First Look: Temaki and sake are in the spotlight at Omai


Published:

Image: Yvonne Tsui

Omai is a new Japanese temaki (hand rolls) and sake bar on Baldwin Street from Edward Bang and Jason Ching.


(IMAGE: YVONNE TSUI)

 

Bang made his first foray into Japanese food in Vancouver before attending the Culinary Institute of America in New York. He has worked at Michelin-starred restaurants such as Eleven Madison Park and Blue Hill at Stone Barns. His Toronto resume includes stints at Canoe, Patria and Weslodge. 

He and co-owner Jason Ching met through a blogger friend at a craft beer pop-up and from there, the duo went on to host a series of supper clubs out of Ching’s home before becoming business partners. Ching’s family also operated a Vietnamese restaurant, Wonderpho in North York.


(IMAGE: YVONNE TSUI)

 

“Patience was running really low at the end,” says Ching of the near two-year hunt to find a space. Their only criteria were something “1,400 square feet and under,” and “anywhere in Toronto.” Before they saw the space on Baldwin, initial ideas included a quick service concept of Korean rice bowls. But the wrap-around counter lent itself naturally to the temaki and sake bar concept, so that's what they settled on after finding the location.

The duo travelled to Japan prior to opening and frequented “many local, one-man operations” where one person would do everything from cooking and serving to making drinks.  And that’s very much the same culture that Omai is trying to build, as back of house staff (read: cooks) often serve the food at the tables. “I wanted to give more back to our cooks,” says Ching regarding the equal distribution of tips between front and back of house staff.

The menu at Omai is a tapestry composed of threads from Bang’s culinary experience. “It’s a bit of Spanish, Korean, and Japanese-Asian influence,” says Bang of the food.


(IMAGE: YVONNE TSUI)

 

The food menu is divided into two sections, temaki and kitchen items. Temaki are made-to-order and should be eaten immediately to ensure that the seaweed stays crisp. There is a selection of seven temaki ($4-$7), such as the tamago, a sweet egg “omelet” with truffle paste (a great vegetarian option) as well as red sea bream with lime and ponzu.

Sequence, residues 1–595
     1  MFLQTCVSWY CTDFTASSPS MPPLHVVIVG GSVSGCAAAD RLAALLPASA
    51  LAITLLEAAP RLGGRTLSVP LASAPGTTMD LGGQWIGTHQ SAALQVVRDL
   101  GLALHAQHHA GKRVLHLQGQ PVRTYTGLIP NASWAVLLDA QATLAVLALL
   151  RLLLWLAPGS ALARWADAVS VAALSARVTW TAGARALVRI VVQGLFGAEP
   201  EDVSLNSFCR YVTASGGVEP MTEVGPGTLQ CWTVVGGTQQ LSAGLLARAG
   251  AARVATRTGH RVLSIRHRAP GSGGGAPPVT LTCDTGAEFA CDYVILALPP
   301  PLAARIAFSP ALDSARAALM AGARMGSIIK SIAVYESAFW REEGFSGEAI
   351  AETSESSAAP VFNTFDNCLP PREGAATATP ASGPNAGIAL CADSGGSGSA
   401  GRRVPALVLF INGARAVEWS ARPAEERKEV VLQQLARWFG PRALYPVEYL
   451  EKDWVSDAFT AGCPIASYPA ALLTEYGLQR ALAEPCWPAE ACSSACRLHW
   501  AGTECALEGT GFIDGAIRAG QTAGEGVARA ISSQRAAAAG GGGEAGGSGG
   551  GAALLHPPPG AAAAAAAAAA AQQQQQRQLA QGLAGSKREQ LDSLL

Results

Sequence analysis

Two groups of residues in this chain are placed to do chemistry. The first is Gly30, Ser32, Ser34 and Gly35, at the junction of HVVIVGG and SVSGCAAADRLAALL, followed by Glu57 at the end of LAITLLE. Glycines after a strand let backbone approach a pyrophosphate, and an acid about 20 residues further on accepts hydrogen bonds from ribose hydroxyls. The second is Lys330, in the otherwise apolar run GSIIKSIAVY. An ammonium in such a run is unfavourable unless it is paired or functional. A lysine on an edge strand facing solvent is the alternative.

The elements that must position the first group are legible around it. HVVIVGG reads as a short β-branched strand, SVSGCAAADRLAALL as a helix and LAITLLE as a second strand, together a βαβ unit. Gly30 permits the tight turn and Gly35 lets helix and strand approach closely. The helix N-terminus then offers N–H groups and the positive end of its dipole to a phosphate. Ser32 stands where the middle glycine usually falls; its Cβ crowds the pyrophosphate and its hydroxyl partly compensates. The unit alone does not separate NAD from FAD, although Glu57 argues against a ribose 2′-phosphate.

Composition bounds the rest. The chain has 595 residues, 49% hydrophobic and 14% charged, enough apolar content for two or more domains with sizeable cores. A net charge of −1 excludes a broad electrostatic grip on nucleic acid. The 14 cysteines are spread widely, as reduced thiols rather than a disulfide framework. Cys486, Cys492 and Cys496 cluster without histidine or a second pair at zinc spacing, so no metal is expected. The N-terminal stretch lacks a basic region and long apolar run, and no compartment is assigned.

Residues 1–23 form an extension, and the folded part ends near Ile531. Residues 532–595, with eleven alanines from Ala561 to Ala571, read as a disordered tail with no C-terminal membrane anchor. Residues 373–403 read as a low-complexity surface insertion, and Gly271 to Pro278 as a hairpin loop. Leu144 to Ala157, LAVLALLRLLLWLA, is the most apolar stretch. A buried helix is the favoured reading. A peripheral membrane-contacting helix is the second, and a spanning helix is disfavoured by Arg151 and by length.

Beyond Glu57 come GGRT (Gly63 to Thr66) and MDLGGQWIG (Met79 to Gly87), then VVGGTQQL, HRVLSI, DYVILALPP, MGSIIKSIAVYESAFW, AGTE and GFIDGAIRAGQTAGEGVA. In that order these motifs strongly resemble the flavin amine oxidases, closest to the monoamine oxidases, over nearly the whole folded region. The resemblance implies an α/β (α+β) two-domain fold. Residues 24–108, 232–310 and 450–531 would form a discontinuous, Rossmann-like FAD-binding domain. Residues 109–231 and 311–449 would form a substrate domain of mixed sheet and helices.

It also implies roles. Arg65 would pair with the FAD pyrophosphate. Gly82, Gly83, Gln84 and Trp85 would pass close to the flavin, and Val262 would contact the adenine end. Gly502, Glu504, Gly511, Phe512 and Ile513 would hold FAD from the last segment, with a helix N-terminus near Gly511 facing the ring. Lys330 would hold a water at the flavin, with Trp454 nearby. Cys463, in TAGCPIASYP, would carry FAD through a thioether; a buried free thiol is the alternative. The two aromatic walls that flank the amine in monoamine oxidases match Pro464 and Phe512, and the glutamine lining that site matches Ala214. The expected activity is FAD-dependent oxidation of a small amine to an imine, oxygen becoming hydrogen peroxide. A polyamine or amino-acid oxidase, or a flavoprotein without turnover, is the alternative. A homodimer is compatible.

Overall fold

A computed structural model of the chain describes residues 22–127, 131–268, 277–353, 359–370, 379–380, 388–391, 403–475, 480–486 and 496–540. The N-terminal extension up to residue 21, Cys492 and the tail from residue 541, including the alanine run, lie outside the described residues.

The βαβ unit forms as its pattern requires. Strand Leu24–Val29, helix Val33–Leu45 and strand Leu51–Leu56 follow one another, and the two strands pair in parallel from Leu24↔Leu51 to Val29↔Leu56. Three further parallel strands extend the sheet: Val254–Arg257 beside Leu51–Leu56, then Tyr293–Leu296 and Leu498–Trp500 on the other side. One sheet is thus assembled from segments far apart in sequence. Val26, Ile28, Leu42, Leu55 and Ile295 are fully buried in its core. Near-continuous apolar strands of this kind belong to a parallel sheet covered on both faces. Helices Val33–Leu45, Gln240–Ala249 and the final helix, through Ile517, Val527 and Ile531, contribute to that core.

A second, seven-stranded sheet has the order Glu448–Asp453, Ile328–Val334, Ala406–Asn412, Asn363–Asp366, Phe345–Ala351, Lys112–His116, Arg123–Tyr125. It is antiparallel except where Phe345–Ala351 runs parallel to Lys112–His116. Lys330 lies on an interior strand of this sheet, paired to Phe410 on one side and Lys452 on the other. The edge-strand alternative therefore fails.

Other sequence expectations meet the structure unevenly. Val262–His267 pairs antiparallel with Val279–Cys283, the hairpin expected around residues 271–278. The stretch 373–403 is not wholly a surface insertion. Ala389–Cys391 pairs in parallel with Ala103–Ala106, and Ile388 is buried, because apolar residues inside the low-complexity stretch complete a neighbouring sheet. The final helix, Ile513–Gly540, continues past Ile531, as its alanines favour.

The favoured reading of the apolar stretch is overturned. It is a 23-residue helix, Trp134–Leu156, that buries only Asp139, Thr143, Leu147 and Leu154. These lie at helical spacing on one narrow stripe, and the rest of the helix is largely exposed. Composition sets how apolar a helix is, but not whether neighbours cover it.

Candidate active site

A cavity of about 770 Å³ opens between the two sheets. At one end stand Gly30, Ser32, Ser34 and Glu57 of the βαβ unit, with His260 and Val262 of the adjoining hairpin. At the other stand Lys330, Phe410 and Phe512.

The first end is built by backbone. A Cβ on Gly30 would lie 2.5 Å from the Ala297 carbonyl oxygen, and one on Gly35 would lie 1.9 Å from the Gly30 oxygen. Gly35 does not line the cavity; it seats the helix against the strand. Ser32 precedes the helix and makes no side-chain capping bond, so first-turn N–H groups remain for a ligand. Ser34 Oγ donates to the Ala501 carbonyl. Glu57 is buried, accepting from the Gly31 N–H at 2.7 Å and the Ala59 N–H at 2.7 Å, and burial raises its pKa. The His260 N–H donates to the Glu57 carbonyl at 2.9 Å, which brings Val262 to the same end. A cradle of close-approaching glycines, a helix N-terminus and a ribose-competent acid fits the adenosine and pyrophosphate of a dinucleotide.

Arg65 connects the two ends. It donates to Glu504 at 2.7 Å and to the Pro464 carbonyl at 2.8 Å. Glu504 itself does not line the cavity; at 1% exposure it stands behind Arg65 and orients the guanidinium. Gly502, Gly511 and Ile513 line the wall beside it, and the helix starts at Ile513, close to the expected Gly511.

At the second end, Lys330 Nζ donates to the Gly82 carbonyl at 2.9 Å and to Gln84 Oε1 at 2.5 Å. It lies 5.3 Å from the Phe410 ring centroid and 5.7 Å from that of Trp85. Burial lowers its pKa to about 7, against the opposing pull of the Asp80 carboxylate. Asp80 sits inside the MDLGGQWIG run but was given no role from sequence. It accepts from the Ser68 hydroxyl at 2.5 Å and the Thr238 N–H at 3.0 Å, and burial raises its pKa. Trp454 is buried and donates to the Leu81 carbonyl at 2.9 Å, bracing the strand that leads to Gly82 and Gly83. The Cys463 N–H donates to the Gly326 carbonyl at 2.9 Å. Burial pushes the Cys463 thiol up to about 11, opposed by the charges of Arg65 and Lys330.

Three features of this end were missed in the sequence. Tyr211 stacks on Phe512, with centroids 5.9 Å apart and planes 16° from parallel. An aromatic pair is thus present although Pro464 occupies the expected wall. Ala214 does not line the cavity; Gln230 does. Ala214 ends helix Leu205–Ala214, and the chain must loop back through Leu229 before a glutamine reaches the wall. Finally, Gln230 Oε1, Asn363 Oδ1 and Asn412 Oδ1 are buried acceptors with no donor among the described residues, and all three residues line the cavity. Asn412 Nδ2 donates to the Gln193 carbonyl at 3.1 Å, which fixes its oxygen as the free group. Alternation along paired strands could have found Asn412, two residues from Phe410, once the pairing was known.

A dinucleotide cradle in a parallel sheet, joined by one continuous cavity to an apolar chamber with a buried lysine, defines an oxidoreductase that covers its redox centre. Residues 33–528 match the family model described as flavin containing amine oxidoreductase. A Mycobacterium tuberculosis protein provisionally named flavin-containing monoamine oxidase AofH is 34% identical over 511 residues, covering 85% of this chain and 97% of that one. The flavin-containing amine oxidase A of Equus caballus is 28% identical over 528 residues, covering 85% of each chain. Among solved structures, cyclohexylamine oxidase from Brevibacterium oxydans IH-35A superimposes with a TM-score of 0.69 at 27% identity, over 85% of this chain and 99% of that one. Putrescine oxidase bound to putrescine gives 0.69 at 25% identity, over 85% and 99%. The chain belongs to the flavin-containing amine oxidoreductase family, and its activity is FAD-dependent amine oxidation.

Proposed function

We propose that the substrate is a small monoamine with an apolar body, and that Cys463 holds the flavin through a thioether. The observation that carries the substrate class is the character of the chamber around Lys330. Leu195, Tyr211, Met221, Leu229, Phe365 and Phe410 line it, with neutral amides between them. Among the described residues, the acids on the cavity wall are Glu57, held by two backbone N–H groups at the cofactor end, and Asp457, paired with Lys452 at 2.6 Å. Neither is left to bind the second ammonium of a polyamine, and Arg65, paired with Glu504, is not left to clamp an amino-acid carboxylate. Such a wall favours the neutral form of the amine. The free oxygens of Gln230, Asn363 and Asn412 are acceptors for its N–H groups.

On the kitchen menu are items such as beef cheeks ($15) on a bed of barley “risotto,” smoked butter and Fuyu persimmons. The fingerling potatoes ($9) are triple-fried and topped with house bacon lardons, mentaiko (salt-cured and garlic-chili fermented roe). For vegetarians, there’s also the broccoli ($8) with crème fraiche, smoky pickled red onion, and Meyer lemon aioli.


(IMAGE: YVONNE TSUI)

 

Garnishes are seasonal as much as possible, currently featuring winter radishes, pears, apples and persimmons. There are also daily specials that are “something off-menu and not stuff going bad to pawn off,” says Bang.

Beverage selections lean heavily to Japan, mostly sake and beer with Godspeed as a local, craft brew option. There’s also an Ozawa 40 Shochu, aged two years in a sherry cask which “finished like a whisky and smells like rum.”

Omai is also open for lunch when they feature lunch sets that range from $12-$23, including miso soup. The temaki is available all day but the kitchen menu is reduced at lunchtime.

Omai, 3 Baldwin St., 647-341-7766


(IMAGE: YVONNE TSUI)

 


(IMAGE: YVONNE TSUI)

 

Edit Module

Join the conversation and have your say by commenting below. Our comment system uses a Facebook plugin. Please note that you'll have to turn off some ad-blockers in order to see the comments.

Edit Module

Yvonne is a freelance food and drink writer by night and PR Manager at TouchBistro by day. She's always in search of delicious — decor and service be damned, food is king. Follow her @life_of_y.

Edit ModuleShow Tags

You may also like...

Asian fusion cocktail is the bee's knees at Chinatown's R&D

Asian fusion cocktail is the bee's knees at Chinatown's R&D

The cocktails are just as inspired as the food at R&D in Chinatown.
Posted 2 days ago
First Look: Rob Bragagnolo’s Campo Food Hall opens at King and Spadina

First Look: Rob Bragagnolo’s Campo Food Hall opens at King and Spadina

Toronto has suddenly joined the global food hall trend and Rob Bragagnolo (Carver) is one of the leaders of this revolution with Campo, recently opened at King and Spadina.
Posted 3 days ago
Toronto Neighbourhood Food Fight: Part Two

Toronto Neighbourhood Food Fight: Part Two

We scoured Toronto's best neighbourhood bites and put them head to head with the city's top-ranked foodie hot spots.
Posted 3 days ago
Toronto Neighbourhood Food Fight: Part One

Toronto Neighbourhood Food Fight: Part One

We scoured Toronto's best neighbourhood bites and put them head to head with the city's top-ranked foodie hot spots.
Posted 5 days ago
Edit ModuleShow Tags
Edit ModuleEdit Module